A sense of magic pervades the main exhibition of this year's Venice Biennale. In the Central Pavilion, curator Massimiliano Gioni has chosen to present a number of artists whose working methodology comes through esoteric influences, spirituality, private mysticism and personal fetishism. So the title of Jeremy Deller’s British Pavilion, 'English Magic', was fitting. If Gioni’s dextrous presentation often looks to historical inspiration, Deller’s anthropological take on all things English is rooted firmly in the present.
The curated programme of the 57th edition of the Oberhausen Short Film Festival seemed caught between two weirdly anomalous points of reference: on the one hand, the scientific and historical (‘Shooting Animals: A Brief History of Animal Film’) and, on the other, an eyebrow-raising profile on William E. Jones. As well as the numerous competition selections – international, national, regional – and the screenings of a host of invited experimental and art film distribution companies, visitors to Oberhausen were faced with the impossible dilemma of choosing which programmes to watch from the four-daily screenings over four screens, a talks programme and related collateral events. A quirk of scheduling meant that I saw none of the winning films in the various categories which was dominated by artists: Neïl Beloufa collecting two awards for Sans Titre (2010), Laure Provost for The Artist (2010), Roee Rosen with TSE (OUT) (2010), Tessa Knapp (_99 Beautiful_, 2010) and Phil Collins for marxism today (prologue) (2010) – read a review in our current issue of the BFI’s presentation of the latter film here.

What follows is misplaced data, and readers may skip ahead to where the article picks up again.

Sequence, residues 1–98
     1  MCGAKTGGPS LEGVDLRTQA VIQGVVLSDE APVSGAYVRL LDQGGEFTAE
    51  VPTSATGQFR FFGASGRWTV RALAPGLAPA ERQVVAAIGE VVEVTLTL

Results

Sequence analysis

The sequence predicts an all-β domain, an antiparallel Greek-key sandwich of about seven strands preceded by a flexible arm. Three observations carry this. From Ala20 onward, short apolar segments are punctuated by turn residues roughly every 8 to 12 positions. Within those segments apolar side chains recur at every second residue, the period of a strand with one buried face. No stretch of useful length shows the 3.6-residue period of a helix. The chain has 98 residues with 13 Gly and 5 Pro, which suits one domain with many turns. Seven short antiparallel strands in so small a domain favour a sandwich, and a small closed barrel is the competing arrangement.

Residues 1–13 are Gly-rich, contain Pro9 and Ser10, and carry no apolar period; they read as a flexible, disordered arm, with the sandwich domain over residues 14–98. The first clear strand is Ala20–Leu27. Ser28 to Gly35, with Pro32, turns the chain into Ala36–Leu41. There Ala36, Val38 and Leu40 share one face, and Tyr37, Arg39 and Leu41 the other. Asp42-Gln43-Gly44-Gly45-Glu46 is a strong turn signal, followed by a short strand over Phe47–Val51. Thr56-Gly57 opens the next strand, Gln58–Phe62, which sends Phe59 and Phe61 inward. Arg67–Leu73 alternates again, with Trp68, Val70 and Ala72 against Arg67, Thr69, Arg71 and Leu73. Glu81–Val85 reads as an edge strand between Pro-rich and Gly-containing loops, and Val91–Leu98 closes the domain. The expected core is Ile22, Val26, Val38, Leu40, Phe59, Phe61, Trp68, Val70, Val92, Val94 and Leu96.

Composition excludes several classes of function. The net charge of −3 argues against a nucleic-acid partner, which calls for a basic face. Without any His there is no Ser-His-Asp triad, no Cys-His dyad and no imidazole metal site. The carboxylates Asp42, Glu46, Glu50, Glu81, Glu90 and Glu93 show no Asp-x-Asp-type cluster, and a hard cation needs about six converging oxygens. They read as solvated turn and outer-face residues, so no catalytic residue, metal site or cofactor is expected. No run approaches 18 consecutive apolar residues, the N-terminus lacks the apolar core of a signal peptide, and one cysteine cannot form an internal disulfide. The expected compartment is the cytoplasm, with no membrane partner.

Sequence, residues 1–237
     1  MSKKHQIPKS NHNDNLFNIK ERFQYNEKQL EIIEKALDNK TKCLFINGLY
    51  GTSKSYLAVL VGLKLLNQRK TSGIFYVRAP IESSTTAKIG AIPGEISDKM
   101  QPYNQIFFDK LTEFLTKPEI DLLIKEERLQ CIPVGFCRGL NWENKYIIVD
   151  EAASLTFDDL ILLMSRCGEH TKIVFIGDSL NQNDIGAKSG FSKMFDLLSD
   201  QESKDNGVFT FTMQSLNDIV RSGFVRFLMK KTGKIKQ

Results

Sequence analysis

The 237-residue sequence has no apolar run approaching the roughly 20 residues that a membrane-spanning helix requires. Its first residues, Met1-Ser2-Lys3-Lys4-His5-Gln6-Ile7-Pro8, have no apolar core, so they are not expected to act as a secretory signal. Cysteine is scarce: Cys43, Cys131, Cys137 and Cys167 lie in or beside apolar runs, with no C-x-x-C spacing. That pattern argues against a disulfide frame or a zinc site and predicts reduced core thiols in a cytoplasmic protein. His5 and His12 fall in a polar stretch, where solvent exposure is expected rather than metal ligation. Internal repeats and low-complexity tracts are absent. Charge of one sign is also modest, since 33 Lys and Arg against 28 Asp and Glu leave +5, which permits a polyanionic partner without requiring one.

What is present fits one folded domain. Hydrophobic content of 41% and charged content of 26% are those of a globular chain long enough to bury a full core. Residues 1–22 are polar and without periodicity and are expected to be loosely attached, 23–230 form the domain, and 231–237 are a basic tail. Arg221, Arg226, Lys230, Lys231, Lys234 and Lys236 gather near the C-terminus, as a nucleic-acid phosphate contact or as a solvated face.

Phil Collins marxism today (prologue), 2010
I arrived on the Friday evening, the second night of the six-day festival, just in time to see the first presentation by William E. Jones – this year’s selected artist who presented a showcase of his work as well as three curated programmes of titles that have influenced his filmmaking career. Jones is a filmmaker, artist, teacher, curator (read about the films that have most influenced him here) as well as a writer (his book on influential LA filmmaker Fred Halsted, Halsted Plays Himself, is due to be published later this year). He also has a close affiliation with the gay porn industry in his adopted home of LA, having worked as a editor (using the pseudonym Hudson Wilcox) for a number of years, editing gay porn compilations.
Jones made The Fall of Communism As Seen in Gay Pornography (1998), which comprises footage from gay porn films from the former Soviet Union, using the footage from films he rented from a local video shop. Unusually for porn films, the young men paid to have sex stare defiantly at the camera. Careful editing follows the lingering camera to the boys’ faces, the director’s finger rubbing the lips of one of the performers. Similar Tearoom (1962/2007) – which consists of police footage shot in a public toilet through a two-way mirror as part of a 1962 crackdown on public sex in Ohio – Jones’ interest in pornography stems from the political and economic power relations at play more so than the sex acts themselves that are inferred and out of shot. As he said during the Q&A that punctuated the first screening: ‘I’m interested in the bits of porno that most people fast-forward through.’
William E. Jones, The Fall of Communism As Seen in Gay Pornography, 1998
For the opening presentation Jones also invited along his friend Margie Schnibbe, an artist and art director of straight porn films (going under the pseudonym Vena Virago). She showed a 20-minute clip of a hardcore scene which she had art-directed, wall pieces and visuals framing the actors in a bare set that she told the audience also functions as a gallery. Schnibbe also showed footage of herself interviewing a man who had gatecrashed a house party she was at, found a dark room and started masturbating (_Tweak_, 2002). The creepiness of the scene is punctured by the audio sped up to chipmunk-esque frequency and speed – the weird guy also seemed to have stage fright.